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How to Harvest Spinach Seeds

Updated on June 19, 2013
Male spinach plants do not produce seeds.
Male spinach plants do not produce seeds. | Source

I have grown spinach every year in my vegetable garden since I started gardening. And as much as I promote sustainable practices in the organic garden, I have to admit I've never saved spinach seed. This year I am saving as much seed as possible. As my gardens have grown larger and larger every year, I find myself spending more and more money on vegetable seeds. That seriously cuts into my garden economics.

My spinach is bolting now, and so it is time to learn how to harvest the seeds. It isn't as straightforward as I thought. Spinach produces male and female plants. Only the females have seeds. The males can be tossed into the compost pile as soon as there are no more leaves to harvest. As I was reading through some of the articles online, which make it sound very easy to distinguish between the male and females, I felt rather confident. Then I went outside to take a look at my plants and discovered it isn't so easy.

They all looked the same to me. It takes a close inspection, and they are pretty hard to tell apart in the early stages of bolting. Before you remove any plants you think are males, give them some time to do their thing, that way you can be sure.

It turned out that I only had male spinach plants growing in the garden. A quick look at the original seed packet revealed why. I had planted a hybrid, which are bred to grow sterile plants. In this case, the seeds only produced male plants. If you want to harvest seed, select an heirloom or open pollinated variety to grow. They produce both male and female plants.


  1. Identify the male and female plants. The males will have tiny, yellow balls growing underneath the leaves of the stalk. The females have only little green balls under the leaves.
  2. Allow the spinach plants to dry out in the soil.
  3. Remove the plants from the garden. Discard the males. Hang the females upside down in a cool, dry location to dry them completely.
  4. With gloves on, run your fingers along the plants to loosen the seeds. Catch them in a paper bag or other type of container. Blow away the chaff. Save the seeds in cool, dry storage until ready to plant.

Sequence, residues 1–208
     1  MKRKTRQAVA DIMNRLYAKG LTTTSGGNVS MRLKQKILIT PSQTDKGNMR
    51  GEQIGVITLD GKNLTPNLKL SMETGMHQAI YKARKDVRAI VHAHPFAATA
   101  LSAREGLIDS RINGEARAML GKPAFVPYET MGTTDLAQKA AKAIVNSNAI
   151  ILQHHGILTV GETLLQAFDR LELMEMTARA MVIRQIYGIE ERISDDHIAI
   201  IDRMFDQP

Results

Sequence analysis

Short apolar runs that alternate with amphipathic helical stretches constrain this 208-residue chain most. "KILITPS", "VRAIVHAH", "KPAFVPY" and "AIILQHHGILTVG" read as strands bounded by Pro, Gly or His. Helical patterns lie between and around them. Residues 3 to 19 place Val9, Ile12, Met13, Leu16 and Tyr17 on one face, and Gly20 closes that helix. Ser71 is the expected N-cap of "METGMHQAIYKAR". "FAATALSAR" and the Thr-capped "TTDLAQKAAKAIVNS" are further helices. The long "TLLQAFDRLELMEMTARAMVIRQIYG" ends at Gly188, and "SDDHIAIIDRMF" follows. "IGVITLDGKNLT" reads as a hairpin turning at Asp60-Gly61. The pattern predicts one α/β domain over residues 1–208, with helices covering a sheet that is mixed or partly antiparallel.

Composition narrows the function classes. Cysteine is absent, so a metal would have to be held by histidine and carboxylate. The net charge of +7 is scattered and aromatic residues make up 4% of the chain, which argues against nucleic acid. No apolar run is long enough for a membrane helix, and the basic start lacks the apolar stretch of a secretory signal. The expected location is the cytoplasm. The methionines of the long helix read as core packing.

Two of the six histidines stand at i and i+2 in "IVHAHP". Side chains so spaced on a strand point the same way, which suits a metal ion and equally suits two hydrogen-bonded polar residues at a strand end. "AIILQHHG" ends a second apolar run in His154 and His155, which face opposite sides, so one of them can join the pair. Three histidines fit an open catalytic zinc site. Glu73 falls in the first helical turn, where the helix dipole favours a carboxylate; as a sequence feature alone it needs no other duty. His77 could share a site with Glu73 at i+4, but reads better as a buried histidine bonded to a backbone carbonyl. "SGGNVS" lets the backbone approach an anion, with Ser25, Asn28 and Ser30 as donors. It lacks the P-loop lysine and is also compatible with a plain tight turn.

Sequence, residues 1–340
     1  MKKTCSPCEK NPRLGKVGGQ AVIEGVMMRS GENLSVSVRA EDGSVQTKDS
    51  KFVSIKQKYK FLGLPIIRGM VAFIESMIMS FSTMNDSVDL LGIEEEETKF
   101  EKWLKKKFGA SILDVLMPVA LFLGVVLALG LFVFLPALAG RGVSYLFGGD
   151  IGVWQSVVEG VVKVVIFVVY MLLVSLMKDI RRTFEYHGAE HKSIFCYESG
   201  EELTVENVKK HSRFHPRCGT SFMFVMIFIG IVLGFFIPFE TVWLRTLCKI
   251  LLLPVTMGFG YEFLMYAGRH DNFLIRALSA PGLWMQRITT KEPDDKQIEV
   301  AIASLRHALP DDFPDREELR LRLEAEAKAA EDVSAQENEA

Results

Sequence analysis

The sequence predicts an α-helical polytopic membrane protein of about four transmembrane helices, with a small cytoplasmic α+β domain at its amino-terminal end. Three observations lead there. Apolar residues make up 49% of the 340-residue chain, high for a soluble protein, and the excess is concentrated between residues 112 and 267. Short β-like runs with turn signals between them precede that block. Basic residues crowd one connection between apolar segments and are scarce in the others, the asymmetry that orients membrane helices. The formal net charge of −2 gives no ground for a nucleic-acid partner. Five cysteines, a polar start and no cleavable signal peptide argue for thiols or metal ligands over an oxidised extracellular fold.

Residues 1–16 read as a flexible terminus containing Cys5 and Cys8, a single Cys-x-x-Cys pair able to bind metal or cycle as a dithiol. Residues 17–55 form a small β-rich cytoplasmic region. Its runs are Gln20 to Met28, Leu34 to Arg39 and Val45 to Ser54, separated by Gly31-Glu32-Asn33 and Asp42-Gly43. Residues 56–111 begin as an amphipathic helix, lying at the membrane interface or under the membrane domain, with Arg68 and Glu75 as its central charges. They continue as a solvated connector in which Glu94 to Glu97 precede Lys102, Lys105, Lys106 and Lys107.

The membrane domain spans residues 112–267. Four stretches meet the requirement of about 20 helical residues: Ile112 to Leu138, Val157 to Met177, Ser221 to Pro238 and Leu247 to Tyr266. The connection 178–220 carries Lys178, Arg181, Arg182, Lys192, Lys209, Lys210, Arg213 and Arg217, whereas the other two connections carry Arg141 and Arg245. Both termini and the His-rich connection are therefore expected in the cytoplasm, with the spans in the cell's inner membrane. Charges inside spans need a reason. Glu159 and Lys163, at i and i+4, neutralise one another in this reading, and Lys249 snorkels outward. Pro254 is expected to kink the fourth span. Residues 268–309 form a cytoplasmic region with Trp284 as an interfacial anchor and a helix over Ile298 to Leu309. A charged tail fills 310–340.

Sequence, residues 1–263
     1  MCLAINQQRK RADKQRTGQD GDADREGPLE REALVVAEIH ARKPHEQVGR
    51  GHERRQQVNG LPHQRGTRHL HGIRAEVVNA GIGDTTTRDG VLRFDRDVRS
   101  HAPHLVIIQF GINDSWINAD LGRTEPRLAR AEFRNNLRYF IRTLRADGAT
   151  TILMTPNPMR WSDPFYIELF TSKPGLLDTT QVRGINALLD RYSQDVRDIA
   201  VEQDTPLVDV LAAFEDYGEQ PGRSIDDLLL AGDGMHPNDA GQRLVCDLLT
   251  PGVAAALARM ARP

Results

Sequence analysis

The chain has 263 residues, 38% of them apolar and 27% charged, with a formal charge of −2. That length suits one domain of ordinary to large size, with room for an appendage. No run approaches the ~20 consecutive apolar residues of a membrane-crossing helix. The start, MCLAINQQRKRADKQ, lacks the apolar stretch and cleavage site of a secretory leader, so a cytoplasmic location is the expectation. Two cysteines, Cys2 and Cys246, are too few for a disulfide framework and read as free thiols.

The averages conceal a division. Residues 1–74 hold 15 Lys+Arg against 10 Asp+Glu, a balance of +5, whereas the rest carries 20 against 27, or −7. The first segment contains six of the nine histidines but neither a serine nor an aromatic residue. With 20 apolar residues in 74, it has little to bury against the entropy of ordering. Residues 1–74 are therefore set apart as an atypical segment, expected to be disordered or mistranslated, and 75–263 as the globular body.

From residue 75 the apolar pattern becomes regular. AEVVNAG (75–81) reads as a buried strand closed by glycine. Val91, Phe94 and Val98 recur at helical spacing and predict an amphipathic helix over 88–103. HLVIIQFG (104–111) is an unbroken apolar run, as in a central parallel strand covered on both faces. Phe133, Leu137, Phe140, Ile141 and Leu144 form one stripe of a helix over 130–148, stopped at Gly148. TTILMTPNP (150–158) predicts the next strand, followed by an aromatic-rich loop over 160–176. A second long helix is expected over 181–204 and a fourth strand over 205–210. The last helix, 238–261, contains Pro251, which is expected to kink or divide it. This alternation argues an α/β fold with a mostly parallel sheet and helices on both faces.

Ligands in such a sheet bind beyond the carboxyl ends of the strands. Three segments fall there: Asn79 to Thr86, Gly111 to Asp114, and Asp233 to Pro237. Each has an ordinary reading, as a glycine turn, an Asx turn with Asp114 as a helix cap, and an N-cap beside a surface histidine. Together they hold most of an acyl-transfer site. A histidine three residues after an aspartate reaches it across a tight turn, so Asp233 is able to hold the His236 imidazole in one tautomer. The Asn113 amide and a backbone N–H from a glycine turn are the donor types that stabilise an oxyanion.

• Grow only one variety of spinach if you plan to save seeds. Different varieties may cross-pollinate in the garden.
  • Compost the male plants and the dried female plants after harvesting seeds.
  • One female spinach plant can produce hundreds of seeds - enough for several seasons in your home vegetable garden.


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    • profile image

      Tink74 2 years ago

      You mentioned having all male plants. I let my spinach bolt, harvested the seeds and I remember maybe 1 female plant...maybe. Can I still use the seeds or will they not grow?

    • Julie McM profile image

      Julie McM 6 years ago from Southern California

      Thanks Dirt Farmer. Glad you found it useful.

      Thank you, infotek. Starting small is a good idea. If you use companion planting, you can get a lot more food in a smaller area. You should check it out.

    • infotek profile image

      infotek 6 years ago from London

      I haven't grown vegetables for over 30 years now and this year decided to give it a try on a small scale and see how successful I am (or not!!) before increasing the amount I grow next year.

      I have found your hub extremely useful because I have done a lot of research but this is the first time I have come across this and I am growing Spinach.

      Very useful thank you Julie.

    • The Dirt Farmer profile image

      Jill Spencer 6 years ago from United States

      Never tried this. What a good idea! Thanks for the useful hub.